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If you don’t know about FirstBook and the incredible work they’re doing, I highly suggest you check them out — especially if you are an educator, librarian, administrator, or creator of books. I chose them because I knew that every single dollar that went their way would be spent getting the best books out there into the hands of the kids who need them most.

So, I uploaded my art and set up a fundraiser.

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The response simply BLEW ME AWAY. Within two hours, we’d raised over $1,000. Within six, we were over $2,000! As of right now, we’re just shy of $2,500, and the fundraiser hasn’t even been live for a full day! And I say “we” because this is, of course, a group effort — one more example of the kid lit community coming together to do something good for the kids. Perhaps not for the particular kids in your classroom or library, but like my pal Ro Menendez, teacher-librarian at Cannaday Elementary School in Mesquite, Texas, likes to say, “ALL kids are OUR kids.”

THANK YOU to everyone who has purchased a shirt and who has shared the fundraiser on one social media platform or another. I appreciate it, as does FirstBook. A member of their team reached out to me this morning to let me know exactly that.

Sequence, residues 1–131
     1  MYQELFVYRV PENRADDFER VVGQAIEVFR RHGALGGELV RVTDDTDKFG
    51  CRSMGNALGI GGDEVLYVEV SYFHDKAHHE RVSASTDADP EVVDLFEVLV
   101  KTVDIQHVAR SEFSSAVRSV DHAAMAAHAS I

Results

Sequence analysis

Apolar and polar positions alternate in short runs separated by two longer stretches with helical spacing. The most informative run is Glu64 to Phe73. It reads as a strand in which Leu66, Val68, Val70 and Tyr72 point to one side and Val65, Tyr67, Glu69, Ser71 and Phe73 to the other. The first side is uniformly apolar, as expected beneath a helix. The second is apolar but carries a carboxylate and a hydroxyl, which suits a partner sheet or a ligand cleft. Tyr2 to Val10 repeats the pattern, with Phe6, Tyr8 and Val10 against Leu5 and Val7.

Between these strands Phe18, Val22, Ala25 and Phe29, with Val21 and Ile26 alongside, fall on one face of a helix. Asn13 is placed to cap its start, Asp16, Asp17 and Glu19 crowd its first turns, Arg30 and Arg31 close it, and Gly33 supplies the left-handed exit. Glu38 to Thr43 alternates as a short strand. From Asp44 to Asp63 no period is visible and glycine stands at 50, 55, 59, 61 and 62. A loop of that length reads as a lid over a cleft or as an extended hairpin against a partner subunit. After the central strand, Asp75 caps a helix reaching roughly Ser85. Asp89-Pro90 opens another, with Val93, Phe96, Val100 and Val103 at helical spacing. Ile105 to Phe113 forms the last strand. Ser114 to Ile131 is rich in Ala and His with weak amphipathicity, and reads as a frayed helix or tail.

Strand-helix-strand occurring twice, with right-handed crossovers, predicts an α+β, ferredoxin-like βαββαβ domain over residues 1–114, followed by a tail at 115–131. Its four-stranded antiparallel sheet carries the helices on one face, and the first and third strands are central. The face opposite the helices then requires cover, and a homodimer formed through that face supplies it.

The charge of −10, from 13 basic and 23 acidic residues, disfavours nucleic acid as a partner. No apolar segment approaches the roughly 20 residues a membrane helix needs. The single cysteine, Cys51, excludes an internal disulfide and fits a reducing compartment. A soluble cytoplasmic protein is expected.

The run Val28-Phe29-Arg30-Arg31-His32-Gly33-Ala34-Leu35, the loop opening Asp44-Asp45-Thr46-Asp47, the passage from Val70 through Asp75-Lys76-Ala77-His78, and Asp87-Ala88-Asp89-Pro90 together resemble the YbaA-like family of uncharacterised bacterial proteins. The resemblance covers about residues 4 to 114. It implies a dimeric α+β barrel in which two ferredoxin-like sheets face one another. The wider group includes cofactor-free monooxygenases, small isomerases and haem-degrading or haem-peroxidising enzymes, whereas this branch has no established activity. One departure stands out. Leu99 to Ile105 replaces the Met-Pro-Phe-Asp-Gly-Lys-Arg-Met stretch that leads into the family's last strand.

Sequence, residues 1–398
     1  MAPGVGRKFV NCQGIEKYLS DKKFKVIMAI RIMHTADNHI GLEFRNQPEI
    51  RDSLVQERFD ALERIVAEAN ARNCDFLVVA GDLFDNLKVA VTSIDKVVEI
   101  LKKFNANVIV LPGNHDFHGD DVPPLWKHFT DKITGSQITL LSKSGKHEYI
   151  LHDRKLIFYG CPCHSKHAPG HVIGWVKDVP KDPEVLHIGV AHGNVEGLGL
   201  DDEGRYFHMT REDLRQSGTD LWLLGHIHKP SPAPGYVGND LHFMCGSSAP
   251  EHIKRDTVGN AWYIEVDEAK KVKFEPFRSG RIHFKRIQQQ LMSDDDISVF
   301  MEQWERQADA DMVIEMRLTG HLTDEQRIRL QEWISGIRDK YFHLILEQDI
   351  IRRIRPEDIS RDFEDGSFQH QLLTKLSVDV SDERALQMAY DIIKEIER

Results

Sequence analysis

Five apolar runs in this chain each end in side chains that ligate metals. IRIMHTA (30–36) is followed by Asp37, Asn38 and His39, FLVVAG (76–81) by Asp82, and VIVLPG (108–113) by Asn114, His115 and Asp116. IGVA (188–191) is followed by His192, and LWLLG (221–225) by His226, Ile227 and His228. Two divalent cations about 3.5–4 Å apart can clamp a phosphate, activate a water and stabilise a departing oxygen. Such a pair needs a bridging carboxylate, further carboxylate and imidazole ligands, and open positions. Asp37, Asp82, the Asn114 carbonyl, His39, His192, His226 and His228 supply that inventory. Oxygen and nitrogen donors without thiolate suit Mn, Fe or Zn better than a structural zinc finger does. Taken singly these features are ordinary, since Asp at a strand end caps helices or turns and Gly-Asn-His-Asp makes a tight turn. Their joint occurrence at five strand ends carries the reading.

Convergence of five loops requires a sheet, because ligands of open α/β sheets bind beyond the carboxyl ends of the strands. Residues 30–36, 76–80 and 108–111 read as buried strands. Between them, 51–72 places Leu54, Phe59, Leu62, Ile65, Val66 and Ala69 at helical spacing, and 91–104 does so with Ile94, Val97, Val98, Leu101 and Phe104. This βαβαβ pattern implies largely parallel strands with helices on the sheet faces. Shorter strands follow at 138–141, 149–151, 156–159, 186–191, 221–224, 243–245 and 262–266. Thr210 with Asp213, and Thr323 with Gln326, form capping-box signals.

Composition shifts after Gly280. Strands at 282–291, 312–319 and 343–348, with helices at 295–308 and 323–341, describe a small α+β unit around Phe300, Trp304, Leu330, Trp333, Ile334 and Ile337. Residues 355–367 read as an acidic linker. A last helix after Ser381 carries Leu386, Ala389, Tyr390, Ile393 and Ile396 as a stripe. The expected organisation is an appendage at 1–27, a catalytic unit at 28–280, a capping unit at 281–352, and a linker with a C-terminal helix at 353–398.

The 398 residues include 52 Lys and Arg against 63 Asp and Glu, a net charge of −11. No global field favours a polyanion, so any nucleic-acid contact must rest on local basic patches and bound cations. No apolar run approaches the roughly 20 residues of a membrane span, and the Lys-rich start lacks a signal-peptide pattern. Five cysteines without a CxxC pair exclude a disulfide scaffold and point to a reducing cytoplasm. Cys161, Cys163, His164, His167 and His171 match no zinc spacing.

Click here to access the fundraising page and get yourself a shirt!

~ Jarrett

HUNGER HEROES: The Beginnings

Last night, I finally shared the news that my graphic novel, HUNGER HEROES, will be out in the Fall of 2020. Today I want to share this:

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This is the germ of the idea that would become HUNGER HEROES, scribbled and doodled on a piece of stationary from the Rodeway Inn in Hesston, Kansas (a hotel, I want to add, with one of the friendliest staffs I’ve ever met, plus a popcorn machine and a constantly restocked tray of hot, fresh, homemade cookies in the lobby).

This was last year, in 2018, and I was in Kansas for nErDCampKS. I often get my wildest, craziest, best ideas when I’m out of my creative routines and comfort zone. Add the energy and inspiration of nErDCamp to the mix, and it’s no surprise that I was getting some new story ideas. I’m just glad I had a pen and paper on me — though it’s rare that I don’t — and also that I took seven or eight seconds to get this idea down.

I try to do this anytime an idea comes to me. Nine times out of ten — or maybe even ninety-nine times out of a hundred — the idea doesn’t have the legs it needs to turn into a full-fledged story. But that’s just the way the creative process works: you log ninety-nine misses before you hit your target, you have to do something the wrong way ninety-nine times before you figure out how to do it right (or at least less wrong).

All of which is to say something that I’ve said plenty of times before: every now and then, make sure to intentionally shake up your routine. Get out of your comfort zone — and don’t forget to take a pen and paper along with you!

~ Jarrett